Imation posts FOURTEENTH loss-making quarter
On a good note, losses this time are a bit smaller
Scalable-storage biz Imation's revenue slump continues while management continues to talk the talk about recovery, which – worryingly, for Imation – depends mainly upon storage array product developments in a brutally competitive market.
The firm's revenues – and profitability – crashed as tape and optical disk media sales plummeted over the past few years, necessitating strategic changes. One of these was buying second-tier storage array maker Nexsan in January OF this year.
For its latest quarter, which finished on June 30, Imation's revenues were $211.7m, down from the prior quarter's $224.4m and significantly down – 15 per cent – on the year-ago quarter's $249.2 million. The days of half-billion dollar quarters for Imation are a distant memory.
This fourteenth loss-making quarter showed a net loss of $5.1m, noticeably better than the previous quarter's losses of $21.1m and also less than half the year-ago quarter's $12m loss. That is an improvement, of sorts: it's Imation's smallest loss in 11 straight quarters.
"Imation's second quarter performance was in line with our expectations, Prez and CEO Mark Lucas's said in a canned statement. "Our transformation continues and we are seeing signs of progress. We are focused on high-growth market segments in data storage and security, and have dedicated teams launching differentiated products to meet customer needs globally."
Translation: "We know what we're doing. Have faith."
Imation's official results statement said: "The Consumer Storage and Accessories (CSA) business performed better than expected in the second quarter given industry dynamics. Revenues were down 27.2 percent; however, gross margins and cash generation continued to be strong for this unit."
Reading between the lines, was Imation expecting a worse decline this quarter thanks to sharp-elbowed competitors?
The firm posted revenue growth of 7 per cent for Q2 fiscal 2013, which it attributed to the acquisition of data-storage minnow Nexsan. Margins ran at 21.7 per cent, an increase of 2.1 per cent year-on-year.
"The Company expects continued margin gains as revenue of higher-margin products increases in the Nexsan and Imation Mobile Security product portfolios," the statement continued. We do hope that means some increased profits are on the way.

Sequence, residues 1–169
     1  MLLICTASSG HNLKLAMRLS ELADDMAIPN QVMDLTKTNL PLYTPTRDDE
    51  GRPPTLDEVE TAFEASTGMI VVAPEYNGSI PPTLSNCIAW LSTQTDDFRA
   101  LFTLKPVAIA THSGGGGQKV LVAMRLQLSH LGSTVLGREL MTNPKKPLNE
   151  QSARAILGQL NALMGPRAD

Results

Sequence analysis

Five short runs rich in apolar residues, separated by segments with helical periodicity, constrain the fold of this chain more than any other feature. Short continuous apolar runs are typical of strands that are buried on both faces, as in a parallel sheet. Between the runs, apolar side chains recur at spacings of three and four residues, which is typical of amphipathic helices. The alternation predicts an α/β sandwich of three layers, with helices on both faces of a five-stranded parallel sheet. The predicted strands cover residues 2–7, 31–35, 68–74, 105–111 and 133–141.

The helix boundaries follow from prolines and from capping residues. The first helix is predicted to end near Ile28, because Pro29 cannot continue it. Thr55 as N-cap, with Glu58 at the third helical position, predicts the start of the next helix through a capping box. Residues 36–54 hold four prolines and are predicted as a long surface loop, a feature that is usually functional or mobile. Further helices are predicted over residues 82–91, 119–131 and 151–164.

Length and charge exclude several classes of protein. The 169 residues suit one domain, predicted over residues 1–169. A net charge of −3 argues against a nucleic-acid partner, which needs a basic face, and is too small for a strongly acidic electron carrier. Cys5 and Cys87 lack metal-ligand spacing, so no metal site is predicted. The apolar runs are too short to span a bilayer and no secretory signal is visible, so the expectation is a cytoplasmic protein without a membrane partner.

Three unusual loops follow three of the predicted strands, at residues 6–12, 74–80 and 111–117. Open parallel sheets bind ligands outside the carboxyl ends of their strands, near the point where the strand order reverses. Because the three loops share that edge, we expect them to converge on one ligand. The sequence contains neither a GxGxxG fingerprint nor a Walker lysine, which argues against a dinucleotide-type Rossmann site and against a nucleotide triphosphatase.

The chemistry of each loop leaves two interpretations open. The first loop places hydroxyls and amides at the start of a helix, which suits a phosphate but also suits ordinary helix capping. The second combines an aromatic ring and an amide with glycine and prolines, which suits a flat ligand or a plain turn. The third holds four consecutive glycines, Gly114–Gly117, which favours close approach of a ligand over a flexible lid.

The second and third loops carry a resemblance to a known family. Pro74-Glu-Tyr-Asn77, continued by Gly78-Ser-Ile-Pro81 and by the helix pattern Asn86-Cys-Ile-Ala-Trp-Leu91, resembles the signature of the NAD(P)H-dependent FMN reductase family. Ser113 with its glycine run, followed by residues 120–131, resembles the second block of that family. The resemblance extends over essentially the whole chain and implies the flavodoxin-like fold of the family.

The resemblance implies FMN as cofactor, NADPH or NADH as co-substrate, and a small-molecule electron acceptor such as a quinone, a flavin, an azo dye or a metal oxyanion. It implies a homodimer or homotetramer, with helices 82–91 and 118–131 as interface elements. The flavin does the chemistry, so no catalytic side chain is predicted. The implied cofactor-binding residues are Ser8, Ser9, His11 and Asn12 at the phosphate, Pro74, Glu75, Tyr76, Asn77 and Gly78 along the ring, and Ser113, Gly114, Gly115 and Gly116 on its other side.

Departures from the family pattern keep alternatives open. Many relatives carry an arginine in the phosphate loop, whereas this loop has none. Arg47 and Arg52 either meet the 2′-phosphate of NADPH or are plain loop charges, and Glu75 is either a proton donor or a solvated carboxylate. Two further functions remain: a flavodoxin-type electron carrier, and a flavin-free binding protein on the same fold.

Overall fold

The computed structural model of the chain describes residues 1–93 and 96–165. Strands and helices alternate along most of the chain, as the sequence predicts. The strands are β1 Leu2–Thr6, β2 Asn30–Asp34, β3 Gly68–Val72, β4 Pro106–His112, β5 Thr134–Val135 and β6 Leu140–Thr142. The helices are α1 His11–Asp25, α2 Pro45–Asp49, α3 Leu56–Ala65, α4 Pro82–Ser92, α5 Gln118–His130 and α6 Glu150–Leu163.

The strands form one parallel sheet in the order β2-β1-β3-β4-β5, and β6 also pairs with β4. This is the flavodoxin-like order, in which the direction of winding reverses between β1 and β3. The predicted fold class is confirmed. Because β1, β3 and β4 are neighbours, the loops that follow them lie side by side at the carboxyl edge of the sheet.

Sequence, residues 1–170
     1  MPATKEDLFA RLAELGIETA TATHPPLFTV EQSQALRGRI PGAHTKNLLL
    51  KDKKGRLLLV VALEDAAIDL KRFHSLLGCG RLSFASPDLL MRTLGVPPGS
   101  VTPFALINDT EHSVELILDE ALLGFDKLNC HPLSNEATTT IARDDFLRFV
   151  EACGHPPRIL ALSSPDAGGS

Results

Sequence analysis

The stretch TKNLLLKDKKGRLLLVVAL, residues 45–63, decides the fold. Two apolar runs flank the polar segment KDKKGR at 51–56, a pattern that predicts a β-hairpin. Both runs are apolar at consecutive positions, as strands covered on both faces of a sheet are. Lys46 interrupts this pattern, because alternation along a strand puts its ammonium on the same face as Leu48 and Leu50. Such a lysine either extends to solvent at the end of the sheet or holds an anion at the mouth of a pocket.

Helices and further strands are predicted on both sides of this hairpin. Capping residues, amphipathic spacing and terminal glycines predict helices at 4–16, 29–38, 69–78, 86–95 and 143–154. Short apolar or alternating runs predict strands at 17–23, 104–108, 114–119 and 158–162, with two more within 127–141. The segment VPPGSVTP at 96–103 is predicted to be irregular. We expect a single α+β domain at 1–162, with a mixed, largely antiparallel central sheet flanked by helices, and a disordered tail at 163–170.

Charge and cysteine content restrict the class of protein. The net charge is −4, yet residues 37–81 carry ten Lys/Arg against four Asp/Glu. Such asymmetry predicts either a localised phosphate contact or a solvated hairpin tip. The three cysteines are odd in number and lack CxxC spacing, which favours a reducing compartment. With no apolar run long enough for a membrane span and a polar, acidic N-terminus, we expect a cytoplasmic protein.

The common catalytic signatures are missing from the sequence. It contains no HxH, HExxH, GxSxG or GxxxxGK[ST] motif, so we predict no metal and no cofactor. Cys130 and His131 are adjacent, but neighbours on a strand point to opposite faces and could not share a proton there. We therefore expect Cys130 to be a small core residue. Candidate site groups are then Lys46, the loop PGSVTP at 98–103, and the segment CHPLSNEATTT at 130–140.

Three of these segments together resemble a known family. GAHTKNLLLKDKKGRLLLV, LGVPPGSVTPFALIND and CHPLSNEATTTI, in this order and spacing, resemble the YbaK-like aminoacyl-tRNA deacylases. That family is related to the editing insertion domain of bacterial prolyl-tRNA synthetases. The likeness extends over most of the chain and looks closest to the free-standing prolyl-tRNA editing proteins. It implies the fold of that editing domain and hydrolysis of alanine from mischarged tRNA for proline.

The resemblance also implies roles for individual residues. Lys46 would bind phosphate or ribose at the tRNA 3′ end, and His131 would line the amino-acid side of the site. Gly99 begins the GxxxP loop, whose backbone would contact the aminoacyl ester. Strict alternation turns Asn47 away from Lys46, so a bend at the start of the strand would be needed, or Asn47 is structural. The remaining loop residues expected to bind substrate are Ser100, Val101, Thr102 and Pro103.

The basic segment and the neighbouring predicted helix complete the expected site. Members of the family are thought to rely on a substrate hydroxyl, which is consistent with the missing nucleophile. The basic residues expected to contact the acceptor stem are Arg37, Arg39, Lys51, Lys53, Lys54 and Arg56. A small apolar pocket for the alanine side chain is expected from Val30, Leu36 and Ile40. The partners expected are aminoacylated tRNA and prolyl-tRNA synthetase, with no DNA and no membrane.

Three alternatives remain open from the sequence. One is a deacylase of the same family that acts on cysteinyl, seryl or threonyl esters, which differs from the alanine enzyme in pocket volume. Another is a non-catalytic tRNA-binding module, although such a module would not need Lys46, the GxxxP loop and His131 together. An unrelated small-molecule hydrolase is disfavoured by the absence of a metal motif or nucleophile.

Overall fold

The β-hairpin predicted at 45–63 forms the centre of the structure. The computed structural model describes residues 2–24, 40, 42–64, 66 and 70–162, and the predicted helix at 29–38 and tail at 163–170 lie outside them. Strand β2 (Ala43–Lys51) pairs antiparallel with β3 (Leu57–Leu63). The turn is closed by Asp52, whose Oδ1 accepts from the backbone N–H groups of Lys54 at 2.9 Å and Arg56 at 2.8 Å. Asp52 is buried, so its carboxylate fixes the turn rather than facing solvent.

Nexsan, with its line of hybrid flash/disk SAN arrays, unified NAS and iSCSI NST arrays, and recently updated Assureon archive arrays, along with its other mobile security products, represent Imation's revenue-growth areas.
"The TSS segment is the growth engine of Imation, and we are making investments to advance those product portfolios," said Lucas, adding that Imation is introducing new products in both Nexsan and Imation Mobile Security.
The company is "moving forward with plans to divest the Memorex and XtremeMac consumer electronics brands. ... Imation continues to aggressively right-size the organisation and implement cost-savings initiatives."
El Reg observes that it's really difficult to trim the fat and keep muscle in the body corporate.
In these days of all-flash arrays, flash-enhanced servers, and file sync 'n' share, what is Nexsan doing to develop its storage arrays? It is a fiercely competitive market with little room for middle-of-the-road players.
Are we expecting to see all-flash Nexsan arrays and array software enhanced to manage flash effectively? Will Assureon get Big Data analytics features? Perhaps Nexsan will resell, or OEM, an existing all-flash array? It might also add array clustering software or some other form of scale-out capacity and performance facility to its SAN and file array products.
There are lots of storage array suppliers for SMEs and the low end of larger businesses. Nexsan's product strategists and engineers will need a sure touch as they set a course for product development through today's thorny and brutally competitive storage product landscape. ®